The Secret to a Long Life: Be Cooperative and Live Underground

Naked mole rats enjoy exceptionally long, healthy lives, and there’s more than good genes at work

Naked mole rats are likely contenders for the most hideously adorable creature on Earth - but also one of the longest lived. (Photo: Frans Lanting/Corbis)
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We all want to live long and prosper, and in the animal kingdom, naked mole rats come closest to achieving that goal. The subterranean African rodents are famed for being so visually repulsive that they’re almost cute—shriveled tubes of pink flesh crowned with two massively protruding teeth. But they are also renowned for their longevity in relation to their size. In birds and mammals, bigger animals usually live longer than small ones, with even the longest-lived mice not making it past three years. Bucking this trend, the 3- to 4-inch-long naked mole rat can live up to 30 years, and the animals usually maintain their health until the very end.

The source of naked mole rats’ fountain of youth has been the subject of much scientific investigation. If we can discover their secret, then perhaps we could apply that valuable information to developing drugs or therapies that extend the duration and quality of our own lifespans. A couple years ago, researchers analyzed naked mole rat biology and discovered that the animals have an abundance of specialized proteins in their tissues that help them prevent cancer. Other work found that the rodents resist the ravages of aging because their genes are very careful about how they go about making new proteins.

But how and why did the mole rats evolve these extraordinary traits? Last year, an analysis of the lifespans and characteristics of 1,400 mammal and bird species revealed that those that spend their lives underground—a very good way of avoiding predators—are also the ones that have the longest lifespans.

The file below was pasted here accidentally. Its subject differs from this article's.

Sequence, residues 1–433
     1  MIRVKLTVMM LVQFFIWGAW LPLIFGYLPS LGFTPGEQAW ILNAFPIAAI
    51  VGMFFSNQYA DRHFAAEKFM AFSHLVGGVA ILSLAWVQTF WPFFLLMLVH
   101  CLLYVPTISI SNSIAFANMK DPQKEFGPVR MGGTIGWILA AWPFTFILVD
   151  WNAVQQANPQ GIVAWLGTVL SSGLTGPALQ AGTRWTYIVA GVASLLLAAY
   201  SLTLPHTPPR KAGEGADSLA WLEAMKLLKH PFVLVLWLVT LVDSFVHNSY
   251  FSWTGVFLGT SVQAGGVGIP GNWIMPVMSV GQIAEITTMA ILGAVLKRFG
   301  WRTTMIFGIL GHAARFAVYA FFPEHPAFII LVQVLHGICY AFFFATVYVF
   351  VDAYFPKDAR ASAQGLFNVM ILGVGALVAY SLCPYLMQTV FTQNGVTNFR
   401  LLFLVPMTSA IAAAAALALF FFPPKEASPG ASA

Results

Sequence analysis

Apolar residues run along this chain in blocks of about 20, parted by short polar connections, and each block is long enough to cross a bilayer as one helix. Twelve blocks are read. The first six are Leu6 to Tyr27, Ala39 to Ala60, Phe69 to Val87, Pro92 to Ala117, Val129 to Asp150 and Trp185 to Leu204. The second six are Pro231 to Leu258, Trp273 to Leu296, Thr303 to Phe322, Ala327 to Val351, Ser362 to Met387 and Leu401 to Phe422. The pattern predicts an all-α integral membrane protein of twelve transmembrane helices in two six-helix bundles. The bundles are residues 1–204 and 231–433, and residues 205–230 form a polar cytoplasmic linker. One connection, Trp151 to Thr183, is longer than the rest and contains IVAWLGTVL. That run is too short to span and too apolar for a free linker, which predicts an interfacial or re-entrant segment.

Now Scott Williams and Milena Shattuck at New York University have identified a new piece of the puzzle. They believe that the naked mole rat’s exceptionally social and cooperative lifestyle contributes to its longevity. Williams and Shattuck present this argument today in Proceedings of the Royal Society B: Biological Sciences.

The naked mole rat’s cooperative social system most closely resembles that of social insects like ants and termites. Multiple generations of naked mole rats spend their lives in intricately connected subterranean tunnels, and specific jobs are broken down among community members. Naked mole rats designate a queen that exclusively spends her time in a special chamber giving birth to more naked mole rats and nursing pups. Only a select few males can breed with her, while non-breeding subjects provider her with both protection and nourishment. 

Naked mole rats have evolved to live out their lives underground, out of the reach of many predators. (Photo: Frans Lanting/Corbis)

To figure out how these lifestyle choices might influence naked mole rat longevity, Williams and Shattuck compiled data on lifespan, body size and social characteristics of 440 mammals that spend most of their time either under or on the ground. Then they statistically analyzed those data to see how significant a role each factor played in determining longevity.

The results confirmed that body mass is the surest predictor of lifespan, with smaller animals facing shorter lives. As in the previous work, animals that live underground received a longevity bonus. And as the team suspected, those that lived in highly cooperative societies—including the naked mole rats—enjoyed even longer lives. Further supporting this finding, the team discovered that naked mole rats’ closest relatives—which include both loner species and cooperative socialites—follow the same trend, with the recluses living the shortest lives.

Based on these findings, humans have already seized upon one of the naked mole rats’ secrets to long-term success, the team says. People also generally live in multi-generational societies, have reproductive divisions of labor and are wired to help each other out. While we haven't decided to hunker down in subterranean cities, humans have devised all sorts of other defensive strategies to avoid meeting a premature end. In other words, short of figuring out a way to mimic the naked mole rats’ meticulous way of synthesizing proteins, it seems we’re already following the best practice models for staying alive.  

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